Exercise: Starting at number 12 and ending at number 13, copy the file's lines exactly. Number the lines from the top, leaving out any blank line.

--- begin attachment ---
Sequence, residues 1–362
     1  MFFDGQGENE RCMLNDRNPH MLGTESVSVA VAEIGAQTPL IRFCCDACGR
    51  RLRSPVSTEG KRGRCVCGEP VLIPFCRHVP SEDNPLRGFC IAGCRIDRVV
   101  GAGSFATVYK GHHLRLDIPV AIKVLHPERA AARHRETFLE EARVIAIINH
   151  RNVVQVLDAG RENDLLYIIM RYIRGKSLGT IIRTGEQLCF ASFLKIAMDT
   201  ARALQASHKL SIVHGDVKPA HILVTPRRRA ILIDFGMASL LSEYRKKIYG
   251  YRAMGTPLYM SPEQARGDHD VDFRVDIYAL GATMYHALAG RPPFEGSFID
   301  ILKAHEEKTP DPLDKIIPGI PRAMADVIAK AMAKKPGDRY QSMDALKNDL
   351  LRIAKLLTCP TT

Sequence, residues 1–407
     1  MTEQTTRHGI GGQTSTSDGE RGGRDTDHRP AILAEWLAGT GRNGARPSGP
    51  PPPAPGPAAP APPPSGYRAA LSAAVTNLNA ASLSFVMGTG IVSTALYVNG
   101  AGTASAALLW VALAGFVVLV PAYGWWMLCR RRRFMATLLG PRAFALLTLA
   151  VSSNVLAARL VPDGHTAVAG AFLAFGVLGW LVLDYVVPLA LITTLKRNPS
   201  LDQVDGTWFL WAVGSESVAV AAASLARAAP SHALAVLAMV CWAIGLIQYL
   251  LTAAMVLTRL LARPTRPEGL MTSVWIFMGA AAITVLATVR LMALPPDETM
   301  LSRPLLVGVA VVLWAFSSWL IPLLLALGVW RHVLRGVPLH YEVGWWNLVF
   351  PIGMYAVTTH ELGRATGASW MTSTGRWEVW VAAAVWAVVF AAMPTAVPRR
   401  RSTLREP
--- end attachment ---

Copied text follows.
    51  PPPAPGPAAP APPPSGYRAA LSAAVTNLNA ASLSFVMGTG IVSTALYVNG
   101  AGTASAALLW VALAGFVVLV PAYGWWMLCR RRRFMATLLG PRAFALLTLA